MILAN (Reuters) - Italy’s beaches are a family affair – and that’s a problem for the euro zone’s third-largest economy.
Most of the beaches along Italy’s 7,500 kilometers of sun-kissed coast have for decades been managed by small businesses operating concessions that are passed on from generation to generation.
Though licenses are state-owned, they rarely come up for public bids, allowing Italy’s balneari – or beach managers – to keep a tight grip on amenities ranging from single-shack parasol rentals to up-market bars and restaurants.
The balneari say the all-in-the-family system keeps costs low for beachgoers. But local and foreign entrepreneurs say they’re being shut out.
The battle of the beaches offers a window onto one of the biggest barriers to Italy’s economic development: the lack of competition across sectors. Guilds, associations and other lobbies that are politically powerful have for decades prevented new blood from entering the economy and are one of the reasons it has barely grown over the past two decades.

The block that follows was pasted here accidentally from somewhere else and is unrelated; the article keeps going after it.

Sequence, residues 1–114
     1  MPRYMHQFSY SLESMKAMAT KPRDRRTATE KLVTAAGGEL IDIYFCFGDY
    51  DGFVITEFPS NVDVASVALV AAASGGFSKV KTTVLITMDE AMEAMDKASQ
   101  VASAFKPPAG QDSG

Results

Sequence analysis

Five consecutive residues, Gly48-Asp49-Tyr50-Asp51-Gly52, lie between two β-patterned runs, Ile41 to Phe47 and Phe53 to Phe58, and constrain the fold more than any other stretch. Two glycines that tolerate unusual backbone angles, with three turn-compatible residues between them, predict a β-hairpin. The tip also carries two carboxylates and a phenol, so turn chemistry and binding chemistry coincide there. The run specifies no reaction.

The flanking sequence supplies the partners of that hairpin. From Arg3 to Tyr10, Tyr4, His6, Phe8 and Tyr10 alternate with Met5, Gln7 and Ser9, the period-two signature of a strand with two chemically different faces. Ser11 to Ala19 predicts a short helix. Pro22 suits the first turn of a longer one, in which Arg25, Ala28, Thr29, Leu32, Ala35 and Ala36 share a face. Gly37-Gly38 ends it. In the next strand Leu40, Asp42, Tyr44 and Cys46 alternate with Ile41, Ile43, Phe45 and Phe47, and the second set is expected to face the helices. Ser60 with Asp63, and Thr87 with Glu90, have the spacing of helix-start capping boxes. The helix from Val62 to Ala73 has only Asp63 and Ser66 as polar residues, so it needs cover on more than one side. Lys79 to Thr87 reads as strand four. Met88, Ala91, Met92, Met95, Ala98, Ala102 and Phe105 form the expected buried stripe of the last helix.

“Beach concessions should be given to people who will manage them effectively, who will work hard and create new jobs,” says Flavio Briatore, a businessman and former Italian Formula One investor.
Briatore has been running the “Twiga” beach club in the trendy resort of Forte dei Marmi for the past 15 years. But he has never been able to bid for the license directly. Instead he says he sublets the beach from a license holder for 250,000 euros a year. That compares to the 3,570 euros on average that each direct licensee pays the government, according to official figures.
“The government shouldn’t give concessions to those who speculate by subletting,” says Briatore.
Many governments have tried to pry open parts of Italy’s services sector including taxis, pharmacies and legal practices. But the results have been mixed.
Two years ago the government of Mario Monti attempted deregulation, but many of the measures were diluted by parties protecting vested interests. Italy’s new prime minister, Matteo Renzi, nicknamed Demolition Man, has staked his reputation on cleaning up Italian business and rewarding merit.